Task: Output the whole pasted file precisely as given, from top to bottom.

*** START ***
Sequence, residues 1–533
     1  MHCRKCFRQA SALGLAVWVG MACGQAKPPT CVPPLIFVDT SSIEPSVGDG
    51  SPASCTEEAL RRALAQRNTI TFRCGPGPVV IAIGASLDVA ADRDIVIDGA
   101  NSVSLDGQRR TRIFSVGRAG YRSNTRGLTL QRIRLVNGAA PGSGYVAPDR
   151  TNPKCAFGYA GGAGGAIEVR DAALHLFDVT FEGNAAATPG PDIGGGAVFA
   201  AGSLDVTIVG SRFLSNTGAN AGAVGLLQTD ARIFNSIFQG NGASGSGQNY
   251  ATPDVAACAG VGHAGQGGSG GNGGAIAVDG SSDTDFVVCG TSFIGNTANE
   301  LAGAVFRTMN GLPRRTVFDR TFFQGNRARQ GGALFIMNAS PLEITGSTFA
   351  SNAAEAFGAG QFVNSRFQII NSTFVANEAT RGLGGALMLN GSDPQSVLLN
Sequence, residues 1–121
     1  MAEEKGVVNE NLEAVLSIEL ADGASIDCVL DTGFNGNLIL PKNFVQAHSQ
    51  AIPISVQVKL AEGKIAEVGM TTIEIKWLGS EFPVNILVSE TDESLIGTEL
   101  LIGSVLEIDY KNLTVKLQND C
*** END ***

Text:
Sequence, residues 1–533
     1  MHCRKCFRQA SALGLAVWVG MACGQAKPPT CVPPLIFVDT SSIEPSVGDG
    51  SPASCTEEAL RRALAQRNTI TFRCGPGPVV IAIGASLDVA ADRDIVIDGA
   101  NSVSLDGQRR TRIFSVGRAG YRSNTRGLTL QRIRLVNGAA PGSGYVAPDR
   151  TNPKCAFGYA GGAGGAIEVR DAALHLFDVT FEGNAAATPG PDIGGGAVFA
   201  AGSLDVTIVG SRFLSNTGAN AGAVGLLQTD ARIFNSIFQG NGASGSGQNY
   251  ATPDVAACAG VGHAGQGGSG GNGGAIAVDG SSDTDFVVCG TSFIGNTANE
   301  LAGAVFRTMN GLPRRTVFDR TFFQGNRARQ GGALFIMNAS PLEITGSTFA
   351  SNAAEAFGAG QFVNSRFQII NSTFVANEAT RGLGGALMLN GSDPQSVLLN
Sequence, residues 1–121
     1  MAEEKGVVNE NLEAVLSIEL ADGASIDCVL DTGFNGNLIL PKNFVQAHSQ
    51  AIPISVQVKL AEGKIAEVGM TTIEIKWLGS EFPVNILVSE TDESLIGTEL
   101  LIGSVLEIDY KNLTVKLQND C